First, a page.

It’s been another amazing August for us at Bouquets & Brickbats. We’re exhausted after a month of non-stop theatre and comedy! We have seen some absolutely fantastic stuff, covering a huge range of ideas. Here’s our pick of the best we’ve seen at this year’s Fringe:
Neontopia / Wales Millennium Centre – A Good Clean Heart by Alun Saunders
Aurora Nova – The Blind Date Project by Bojana Novakovic
Rainbow Class by Vivienne Acheampong
Gaggle Babble / National Theatre Wales – Wonderman by Daf James
Something for the Weekend – Royal Vauxhall by Desmond O’Connor
NJC Productions – The Way the City Ate the Stars by Will Greenway
George Dillon – Stunning the Punters (& Other Stories) by Berkoff, Sproat and Dostoevsky
Lorenzo Novani – Cracked Tiles by Lorenzo Novani
Impi Theatre Company – The South Afreakins by Robyn Paterson
Based on the short stories of Roald Dahl – and incorporating a true incident from his eventful life, Gagglebabble’s collaboration with the National Theatre of Wales is a sprightly mix of drama and music with a deliciously dark heart. Though musicians are onstage throughout the show, it’s somehow not so much a musical as a comic drama with songs. These days, Dahl is best known for his children’s books, but anyone of a certain age will be well aware of his parallel career as the author of comically disturbing stories with a ‘twist in the tale.’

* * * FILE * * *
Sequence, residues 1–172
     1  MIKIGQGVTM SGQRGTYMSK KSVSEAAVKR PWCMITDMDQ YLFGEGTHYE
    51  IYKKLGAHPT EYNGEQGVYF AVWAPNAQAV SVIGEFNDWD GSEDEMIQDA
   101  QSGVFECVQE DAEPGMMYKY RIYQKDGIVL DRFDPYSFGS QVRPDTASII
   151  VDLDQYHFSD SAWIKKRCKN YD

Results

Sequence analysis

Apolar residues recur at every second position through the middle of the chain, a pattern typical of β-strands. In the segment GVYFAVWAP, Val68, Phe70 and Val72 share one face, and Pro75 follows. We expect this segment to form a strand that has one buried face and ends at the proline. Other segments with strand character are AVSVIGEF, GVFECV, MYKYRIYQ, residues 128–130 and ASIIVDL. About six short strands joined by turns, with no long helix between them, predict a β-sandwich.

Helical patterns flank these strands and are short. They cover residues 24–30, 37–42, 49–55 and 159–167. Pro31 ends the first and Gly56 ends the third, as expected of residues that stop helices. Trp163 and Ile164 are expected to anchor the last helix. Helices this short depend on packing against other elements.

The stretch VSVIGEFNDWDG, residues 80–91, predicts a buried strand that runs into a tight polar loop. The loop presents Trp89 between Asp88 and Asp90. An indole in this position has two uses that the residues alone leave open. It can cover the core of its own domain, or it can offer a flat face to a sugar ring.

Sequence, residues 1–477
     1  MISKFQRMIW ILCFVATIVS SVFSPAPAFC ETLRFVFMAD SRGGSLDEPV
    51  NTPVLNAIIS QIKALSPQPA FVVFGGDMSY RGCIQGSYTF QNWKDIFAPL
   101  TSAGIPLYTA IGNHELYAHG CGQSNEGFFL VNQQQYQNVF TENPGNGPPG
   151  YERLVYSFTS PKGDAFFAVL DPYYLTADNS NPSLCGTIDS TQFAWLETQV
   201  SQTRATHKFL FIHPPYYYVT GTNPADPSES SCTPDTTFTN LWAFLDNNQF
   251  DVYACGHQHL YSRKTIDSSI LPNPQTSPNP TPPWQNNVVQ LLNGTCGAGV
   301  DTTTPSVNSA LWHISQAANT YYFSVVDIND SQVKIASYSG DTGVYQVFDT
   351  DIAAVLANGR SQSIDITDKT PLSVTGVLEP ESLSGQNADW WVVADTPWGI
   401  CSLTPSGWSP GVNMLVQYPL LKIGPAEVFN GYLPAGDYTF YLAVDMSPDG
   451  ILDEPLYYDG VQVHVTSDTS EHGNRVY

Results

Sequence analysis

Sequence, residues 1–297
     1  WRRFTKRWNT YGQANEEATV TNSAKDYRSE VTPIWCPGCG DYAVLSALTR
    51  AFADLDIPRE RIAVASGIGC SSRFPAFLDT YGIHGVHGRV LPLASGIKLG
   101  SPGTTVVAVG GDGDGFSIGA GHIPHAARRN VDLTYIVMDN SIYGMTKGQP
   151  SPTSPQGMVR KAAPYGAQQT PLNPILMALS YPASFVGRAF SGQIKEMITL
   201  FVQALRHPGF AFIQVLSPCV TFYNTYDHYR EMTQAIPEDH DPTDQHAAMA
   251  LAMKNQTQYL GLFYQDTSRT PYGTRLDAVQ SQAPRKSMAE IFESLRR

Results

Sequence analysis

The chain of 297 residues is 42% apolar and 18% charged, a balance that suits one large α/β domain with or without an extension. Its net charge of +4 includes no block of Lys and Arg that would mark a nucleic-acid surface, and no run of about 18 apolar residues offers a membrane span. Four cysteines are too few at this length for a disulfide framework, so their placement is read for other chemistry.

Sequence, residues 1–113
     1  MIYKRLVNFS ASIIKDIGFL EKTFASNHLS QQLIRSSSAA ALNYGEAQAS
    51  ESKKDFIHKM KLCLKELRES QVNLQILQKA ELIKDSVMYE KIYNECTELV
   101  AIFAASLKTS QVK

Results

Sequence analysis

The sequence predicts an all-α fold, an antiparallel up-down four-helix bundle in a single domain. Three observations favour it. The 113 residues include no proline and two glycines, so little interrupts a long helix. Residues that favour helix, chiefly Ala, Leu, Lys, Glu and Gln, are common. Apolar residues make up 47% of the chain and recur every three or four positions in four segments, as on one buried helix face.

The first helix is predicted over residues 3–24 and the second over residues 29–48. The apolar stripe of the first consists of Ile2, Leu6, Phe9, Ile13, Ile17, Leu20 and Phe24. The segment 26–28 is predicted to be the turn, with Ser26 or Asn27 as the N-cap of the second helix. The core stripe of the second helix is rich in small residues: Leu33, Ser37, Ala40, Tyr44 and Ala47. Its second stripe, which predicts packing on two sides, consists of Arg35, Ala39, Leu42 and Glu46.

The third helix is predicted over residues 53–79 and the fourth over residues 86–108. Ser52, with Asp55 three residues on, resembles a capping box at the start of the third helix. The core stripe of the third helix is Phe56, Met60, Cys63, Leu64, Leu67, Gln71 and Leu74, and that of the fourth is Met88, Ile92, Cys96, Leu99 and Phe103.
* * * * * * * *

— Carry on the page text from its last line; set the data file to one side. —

In 1940, young airman Roald Dahl is rushed to hospital after crashing his plane in the Egyptian desert. He has serious facial injuries and is suffering from temporary blindness. Swathed in bandages and pumped full of drugs, he begins to hallucinate – and the hallucinations take the form of several of his most successful and grotesque short stories – including Man From The South, for my money one of the best stories ever written.
This is a brilliant ensemble piece – the script and lyrics by Daf James are witty and entertaining, the music by Lucy Rivers is delightful and the seven-strong cast perform faultlessly in their multiple roles. The one hour and five minutes zips by in a trice and if there’s a single disappointment here, it’s simply that it’s over so soon.
One delightful image – sheets of paper blowing around the stage in the rush of wind from an electric fan, stays with me as I leave the theatre. Wonderman is aptly named. This is a fabulous production.